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Ready to Read: Talk

Ready to Read: Talk

How Talking Helps Your Child Get Ready to Read

Talking to and with your young child is an essential part of helping them be ready to read. Babies learn their first words by listening to the people around them speak, and that’s also how toddlers increase their vocabulary.

Talking is how children begin to learn sentence structure so that they know how to put words together to articulate more complex – or specific – ideas.

And they do all of this simply by paying close attention to the world around them; no formal lessons are needed!

The more a child intuitively understands how language works – and the larger their spoken vocabulary – the easier it will be for them to learn to read.

Incorporate talking

You can nurture this development by incorporating talking into all of your interactions with your child, even if they’re still an infant! Narrate what you’re doing during daily activities like changing their diaper, giving them a bath, or feeding them. If you go for a walk or play together, talk about what you are seeing, hearing, and doing.

Use rich vocabulary when talking with your child. Don’t worry that they might not understand big words; context will help them figure it out. You could also say something in multiple ways to give them more clues about the meaning of complex words or unfamiliar phrases.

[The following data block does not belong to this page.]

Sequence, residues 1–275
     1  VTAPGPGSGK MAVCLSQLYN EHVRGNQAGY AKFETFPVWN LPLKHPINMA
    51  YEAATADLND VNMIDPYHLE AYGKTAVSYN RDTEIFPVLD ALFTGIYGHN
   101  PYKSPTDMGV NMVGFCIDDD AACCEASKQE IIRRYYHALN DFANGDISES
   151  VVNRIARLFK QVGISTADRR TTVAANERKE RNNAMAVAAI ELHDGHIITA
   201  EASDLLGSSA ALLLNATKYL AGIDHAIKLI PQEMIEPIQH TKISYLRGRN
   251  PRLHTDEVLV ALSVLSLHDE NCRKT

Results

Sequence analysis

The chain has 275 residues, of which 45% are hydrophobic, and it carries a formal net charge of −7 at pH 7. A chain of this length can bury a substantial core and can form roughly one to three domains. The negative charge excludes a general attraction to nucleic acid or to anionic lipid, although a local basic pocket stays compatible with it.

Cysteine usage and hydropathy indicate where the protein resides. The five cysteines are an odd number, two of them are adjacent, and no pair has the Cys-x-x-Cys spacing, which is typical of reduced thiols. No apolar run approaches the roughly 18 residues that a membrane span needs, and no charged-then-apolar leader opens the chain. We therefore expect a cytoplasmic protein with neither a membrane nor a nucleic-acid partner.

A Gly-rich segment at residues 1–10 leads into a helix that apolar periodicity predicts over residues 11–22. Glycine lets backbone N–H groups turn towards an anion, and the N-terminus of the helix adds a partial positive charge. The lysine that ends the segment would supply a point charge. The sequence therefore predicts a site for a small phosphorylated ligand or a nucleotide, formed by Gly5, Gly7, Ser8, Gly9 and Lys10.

Model sentence-building by taking the words or fragments your child may say and turning them into sentences. For example, if your child points to a cat and says, “Cat!” you could say, “Yes! That’s a cat.” You could even be more specific by including the color or type of cat or describing what the cat is doing: “Yes! The cat is napping in the sun.” This affirms their initial observation and builds on it to include more detail

Having back-and-forth conversations with your child is also important. This is how they learn the power of words and how speaking can be used to communicate and connect. When you ask your child a question, be sure to pause and give them lots of time to respond. It’s hard work to remember new words and figure out how to form the right sounds!

Building literacy skills

Babies aren’t going to reply, of course, but given enough time they will probably respond in some way. They may point, sign, babble, or make a face in response to your questions. Affirm that by narrating what they do and offering the corresponding words.

Talking to and with your young child is an easy way to build literacy skills into your daily life. 

Reading interactive books with your child is another way to make both reading AND talking fun! Invite your child to answer the questions in the book or weigh in on what the characters should (or shouldn’t!) do. Here are some recommendations to get you started:

Image from Canva

By Carolyn L., Youth Services Library Assistant

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